Advertisers Home in on Standards, Best Practices in Video

Agencies and advertisers are homing in on best practices and processes to optimize their online video campaigns.

During sessions at ClickZ’s Online Video Advertising conference in New York last week, speakers and attendees described their experiences with a channel in which they say spending and business maturity have ballooned, while the contributors to success have become more predictable and measurable than ever.

On the production side, agencies continue to rejigger their organizations to produce better, more interactive creative executions. “We’ve moved beyond that information push format, where we [were] taking offline content and repurposing it,” said Conor Brady, group creative director at Organic, during a morning panel. “Motion designers and technologists are now part of our creative group.”

Organic and fellow interactive shops like AKQA, Deep Focus and R/GA continue to toy around with the interactive capabilities of the medium. They’re building in-house studios, scripting interactive storylines upfront, shooting in high-definition for ultra-high speed Internet connections and booking time with talent early in the campaign planning process.

“How we architect an experience, how we put an experience together, isn’t a flow from top to bottom,” Brady said. “If you’re thinking about the interaction of the piece after you’ve shot the video, you’ve missed the point of how this can be used.”

Client billings have risen with production values, as one might expect, and a greater variety of brands is getting involved. Tribal DDB Executive Creative Director Dorian Sweet presented an elaborate Web experience his agency just launched for client Clorox and several of its brands, including Kingsford charcoal. Sweet said the site, which combines recipes with a self-guided video experience cost between $250,000 and $750,000 to make.

Campaign measurement and site analytics, meanwhile, are subjects of more agreement than debate. Speakers on a measurement panel concurred that, with a few exceptions, the favored metrics for short- and long-format online video are the same ones made popular over the last decade of display ad growth, including factors like reach, impact and response rates. Aimee Irwin, Advertising.com’s VP, video network, said that the firm is doing plenty of traditional research for campaigns placed on its relatively young video network.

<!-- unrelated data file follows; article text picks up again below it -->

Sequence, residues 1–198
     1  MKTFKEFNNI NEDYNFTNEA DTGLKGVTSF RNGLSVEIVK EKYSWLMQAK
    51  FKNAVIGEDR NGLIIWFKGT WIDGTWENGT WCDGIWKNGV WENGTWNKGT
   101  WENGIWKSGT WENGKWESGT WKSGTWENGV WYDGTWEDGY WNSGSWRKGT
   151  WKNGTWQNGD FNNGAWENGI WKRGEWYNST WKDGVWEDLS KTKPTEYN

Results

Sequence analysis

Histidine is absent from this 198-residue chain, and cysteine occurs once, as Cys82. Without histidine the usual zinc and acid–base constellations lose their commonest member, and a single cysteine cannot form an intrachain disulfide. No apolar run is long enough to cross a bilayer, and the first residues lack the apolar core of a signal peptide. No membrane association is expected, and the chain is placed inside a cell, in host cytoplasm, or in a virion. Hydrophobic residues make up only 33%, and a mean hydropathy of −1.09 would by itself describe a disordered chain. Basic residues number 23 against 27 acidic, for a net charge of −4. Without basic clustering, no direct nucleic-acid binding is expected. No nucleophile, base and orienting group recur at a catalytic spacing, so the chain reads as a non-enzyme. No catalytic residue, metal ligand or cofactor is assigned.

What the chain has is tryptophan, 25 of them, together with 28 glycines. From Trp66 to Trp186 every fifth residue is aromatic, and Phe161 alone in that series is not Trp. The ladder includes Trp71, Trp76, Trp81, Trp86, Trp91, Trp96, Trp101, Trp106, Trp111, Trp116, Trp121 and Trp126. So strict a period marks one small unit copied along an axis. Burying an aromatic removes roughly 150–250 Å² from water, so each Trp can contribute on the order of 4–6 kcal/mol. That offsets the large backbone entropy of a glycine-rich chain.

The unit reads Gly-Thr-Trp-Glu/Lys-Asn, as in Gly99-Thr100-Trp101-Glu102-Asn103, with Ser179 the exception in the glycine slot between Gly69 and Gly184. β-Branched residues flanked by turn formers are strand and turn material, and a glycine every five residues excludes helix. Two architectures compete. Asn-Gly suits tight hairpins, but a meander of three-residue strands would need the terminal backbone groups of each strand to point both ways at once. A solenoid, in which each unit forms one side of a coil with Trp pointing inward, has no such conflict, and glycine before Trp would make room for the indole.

“We do a lot of impact studies for our advertisers, where we measure a lift in brand awareness, a lift in message association, and intent to purchase,” she said. “In addition to brand, there’s also influence on behavior. Did consumers visit your site? Did they spend more time on your site?”

Of course, metrics and trackable behaviors unique to video, such as time-spent and click-through rates on companion banners are common barometers, too.

Measurement of cross-media campaigns also came up several times throughout the day, including how to integrate TV’s gross ratings points (GRP) measurement standard with online video ratings. In some cases, said speakers from MediaVest and Nielsen//NetRatings, research and media planning firms are developing proxies by which campaigns can be compared in both media. In other cases, Web advertisers are deemphasizing TV-based ratings.

“They’re rethinking their TV strategies, and the historical method of buying their media, the GRP, may not [prevail],” said Ian Schafer, CEO and founder of Deep Focus. “We’re starting to see traditional media as an extension of digital campaigns.”

Meanwhile, impression volumes are up. Ad.com’s Irwin said the amount of video inventory in AOL’s hulking ad network has steadily increased to the point where marketers “can target more and get larger groups than you were ever able to before.”

Other media reps reported similar gains in impression and campaign volumes. VideoEgg’s video ad player and network now has 100 or so campaigns running, according to its Chief Marketing Officer Troy Young. Clients include mostly big name advertisers like Verizon and Sony Pictures film “Superbad,” but he also showed an ad for a small convenience store chain called Mack.

Still, aside from a smattering of campaigns for local or small budget advertisers, most video ads on display promoted monster brands in the entertainment, financial, automotive and CPG sectors, including a Nissan campaign created by AKQA and Microsoft Ad Solutions placements for Old Spice.

Yet to judge from the audience in attendance at the event, it may be direct response marketers are about to get serious about video. Angus Glover Wilson, president of dComm, a “digital commerce agency” told ClickZ his agency is actively pursuing direct marketing clients interested in launching video campaigns. During the measurement panel, another audience member shared his experience creating and placing his first online video ad, on Google’s AdSense platform. “Google measures the play rate, click rate and reaches into my Web site to measure the conversion rate,” he said.

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